ADSGarson O'Toole adsgarsonotoole at GMAIL.COM
Sun May 5 19:51:35 UTC 2013

The meaning of icon has changed and broadened in the past half
century, I think. The OED has the following draft addition.

Draft additions March 2001

A person or thing regarded as a representative symbol, esp. of a
culture or movement; a person, institution, etc., considered worthy of
admiration or respect. Freq. with modifying word.

1952   C. S. Holmes in Pacific Spectator Spring 248/2   ‘The Diamond
as Big as the Ritz’, the work of a high-spirited young man turning a
critical eye upon a national icon, satirically fabulizes the American
Mr. Moneybags.

1975   Business Week (Nexis) 12 May 74   A large number of freshmen
Congressmen sympathetic to knocking down institutional icons such as
the ICC and CAB.

1980   Christian Sci. Monitor (Electronic ed.) 11 Feb. b11   Defining
his icons as cultural phenomena, Wolfe devotes a chapter each to the
spaceship, the city, the wasteland, the robot, and the monster.

1988   Sci. Amer. Feb. 67/3   Already an icon for young Indian
intellectuals, the 32-year-old Ramanujan died on April 26, 1920.

1995   Hispanic Mar. 36/1   An American icon, the pickup truck has
evolved from its role as a functional, less-than-glamorous work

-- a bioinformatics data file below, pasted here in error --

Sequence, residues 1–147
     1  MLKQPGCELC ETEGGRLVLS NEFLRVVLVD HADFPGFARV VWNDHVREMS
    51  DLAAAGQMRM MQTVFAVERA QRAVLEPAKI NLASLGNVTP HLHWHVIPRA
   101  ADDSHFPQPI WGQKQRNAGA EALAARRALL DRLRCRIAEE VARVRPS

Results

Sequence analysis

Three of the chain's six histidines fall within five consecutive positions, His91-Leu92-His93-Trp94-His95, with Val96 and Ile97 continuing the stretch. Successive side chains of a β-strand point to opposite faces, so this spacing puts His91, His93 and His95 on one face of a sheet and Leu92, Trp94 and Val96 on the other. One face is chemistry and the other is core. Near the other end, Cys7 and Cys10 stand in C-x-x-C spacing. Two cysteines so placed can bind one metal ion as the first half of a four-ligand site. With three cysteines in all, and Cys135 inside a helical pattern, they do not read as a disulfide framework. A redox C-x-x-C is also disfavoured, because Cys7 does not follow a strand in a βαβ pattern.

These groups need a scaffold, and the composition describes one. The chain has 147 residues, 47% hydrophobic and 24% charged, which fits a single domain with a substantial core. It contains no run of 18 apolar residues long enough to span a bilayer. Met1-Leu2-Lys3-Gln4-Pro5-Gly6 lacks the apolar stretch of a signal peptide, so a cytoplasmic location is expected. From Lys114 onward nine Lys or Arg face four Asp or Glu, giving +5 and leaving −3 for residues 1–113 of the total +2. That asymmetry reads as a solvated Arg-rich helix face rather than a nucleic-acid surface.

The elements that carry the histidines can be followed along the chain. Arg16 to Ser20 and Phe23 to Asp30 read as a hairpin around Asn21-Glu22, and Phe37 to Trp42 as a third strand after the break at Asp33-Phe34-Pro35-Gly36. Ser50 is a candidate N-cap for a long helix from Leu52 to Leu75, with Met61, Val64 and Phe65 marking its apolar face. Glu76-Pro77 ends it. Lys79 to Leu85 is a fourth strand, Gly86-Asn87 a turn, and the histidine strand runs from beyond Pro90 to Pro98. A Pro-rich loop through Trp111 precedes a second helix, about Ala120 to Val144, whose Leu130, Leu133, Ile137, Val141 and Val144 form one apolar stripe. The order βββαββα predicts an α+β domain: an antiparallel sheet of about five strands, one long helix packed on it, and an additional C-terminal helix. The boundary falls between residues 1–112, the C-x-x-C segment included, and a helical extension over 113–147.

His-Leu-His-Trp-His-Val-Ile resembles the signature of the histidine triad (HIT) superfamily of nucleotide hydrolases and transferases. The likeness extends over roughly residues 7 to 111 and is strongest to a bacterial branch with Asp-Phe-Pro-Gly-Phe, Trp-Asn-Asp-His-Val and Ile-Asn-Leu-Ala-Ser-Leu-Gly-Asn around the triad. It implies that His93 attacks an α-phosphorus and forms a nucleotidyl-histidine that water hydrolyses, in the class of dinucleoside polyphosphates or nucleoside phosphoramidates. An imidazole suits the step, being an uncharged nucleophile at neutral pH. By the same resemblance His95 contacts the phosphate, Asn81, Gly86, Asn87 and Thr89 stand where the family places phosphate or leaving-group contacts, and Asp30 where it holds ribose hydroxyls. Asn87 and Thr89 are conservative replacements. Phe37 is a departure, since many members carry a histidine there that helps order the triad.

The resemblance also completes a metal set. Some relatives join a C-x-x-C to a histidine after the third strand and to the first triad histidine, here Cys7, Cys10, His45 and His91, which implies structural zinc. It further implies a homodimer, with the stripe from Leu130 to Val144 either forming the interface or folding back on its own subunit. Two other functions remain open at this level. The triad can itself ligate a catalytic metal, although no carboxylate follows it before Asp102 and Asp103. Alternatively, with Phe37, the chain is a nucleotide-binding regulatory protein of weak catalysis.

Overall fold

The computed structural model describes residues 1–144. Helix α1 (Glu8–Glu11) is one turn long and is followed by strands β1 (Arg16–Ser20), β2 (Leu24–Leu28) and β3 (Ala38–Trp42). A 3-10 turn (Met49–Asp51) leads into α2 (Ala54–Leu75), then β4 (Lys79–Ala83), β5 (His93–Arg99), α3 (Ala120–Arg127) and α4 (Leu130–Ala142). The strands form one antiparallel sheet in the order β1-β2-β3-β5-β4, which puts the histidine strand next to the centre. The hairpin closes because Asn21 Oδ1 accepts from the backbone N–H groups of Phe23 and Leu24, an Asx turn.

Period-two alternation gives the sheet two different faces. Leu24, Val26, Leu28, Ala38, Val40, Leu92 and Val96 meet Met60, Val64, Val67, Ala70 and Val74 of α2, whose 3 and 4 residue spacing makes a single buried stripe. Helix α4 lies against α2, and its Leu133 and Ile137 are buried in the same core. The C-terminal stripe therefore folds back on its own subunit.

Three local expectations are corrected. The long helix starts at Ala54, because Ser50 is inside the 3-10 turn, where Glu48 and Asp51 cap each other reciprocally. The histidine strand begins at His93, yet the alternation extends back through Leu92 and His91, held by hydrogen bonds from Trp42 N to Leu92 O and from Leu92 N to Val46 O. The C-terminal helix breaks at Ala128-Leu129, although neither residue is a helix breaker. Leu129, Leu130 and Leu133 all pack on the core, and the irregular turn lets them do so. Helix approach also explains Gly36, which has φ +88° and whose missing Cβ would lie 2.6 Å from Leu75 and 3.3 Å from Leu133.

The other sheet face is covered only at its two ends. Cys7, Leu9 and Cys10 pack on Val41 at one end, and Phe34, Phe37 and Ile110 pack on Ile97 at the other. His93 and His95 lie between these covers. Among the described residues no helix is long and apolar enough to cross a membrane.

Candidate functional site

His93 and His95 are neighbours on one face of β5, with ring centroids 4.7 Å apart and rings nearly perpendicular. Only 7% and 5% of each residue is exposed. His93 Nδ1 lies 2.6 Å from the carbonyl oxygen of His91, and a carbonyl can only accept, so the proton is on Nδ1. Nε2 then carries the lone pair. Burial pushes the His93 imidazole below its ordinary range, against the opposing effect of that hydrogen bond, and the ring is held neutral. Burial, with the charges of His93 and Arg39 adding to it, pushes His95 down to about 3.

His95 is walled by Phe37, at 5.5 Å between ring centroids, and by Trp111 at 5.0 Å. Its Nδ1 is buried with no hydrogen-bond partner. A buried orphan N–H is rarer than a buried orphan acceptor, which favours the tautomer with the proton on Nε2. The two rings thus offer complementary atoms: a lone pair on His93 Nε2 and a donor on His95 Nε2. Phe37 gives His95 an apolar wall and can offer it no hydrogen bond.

vehicle, into the sporty, headline-grabbing image of models like the
Ford Bronco.

2000   Sunday Mail (Electronic ed.) 2 Jan.,   Hollywood's female gay
icons Jodie Foster, Susan Sarandon and Jamie Lee Curtis.

Here are two examples in which the term icon is linked to Emmett Till.

Title: The Best American Essays 2001
Page: GB 263
Editor: Robert Atwan
Year: 2001
(Google Books data; Snippet view only; Data may be inaccurate)

[Begin extracted text]
The body of Emmett Till — "his head . . . swollen and bashed in, his
mouth twisted and broken" — became a new kind of icon. Emmett Till
showed the world exactly what white supremacy looked like. According
to one report, Till's funeral ...
[End extracted text]

I have not seen this book on paper. A web page at
www.betterbookprices.com has a long book description indicating that
the words above are probably from the influential essay "Exquisite
Corpse" by Ashraf Rushdy. In the excerpt above the physical
manifestation of Till in death is labeled "a new kind of icon". This
use of icon may fit the OED notion of a "representative symbol".

Periodical: Jet
Date: Jun 20, 2005
Volume: 107
Number: 25
(Google Books full view)

[Begin excerpt]
Nearly 50 years after Emmett Till's battered body was found in a
Mississippi river, federal investigators unearthed the Chicago teen's
casket in hopes of finding clues to a murder that became an icon for
the brutality of racism and helped galvanize the Civil Rights
[End excerpt]

Here the murder viewed as a transformative event is labeled an icon.
To fit the OED analysis one might say that Tills death is a
"representative symbol" of racism.

The two examples above do not label Till himself an icon, but
semantics of icon has continued to evolve.

On Sun, May 5, 2013 at 1:47 PM, Jonathan Lighter <wuxxmupp2000 at gmail.com> wrote:
> ---------------------- Information from the mail header -----------------------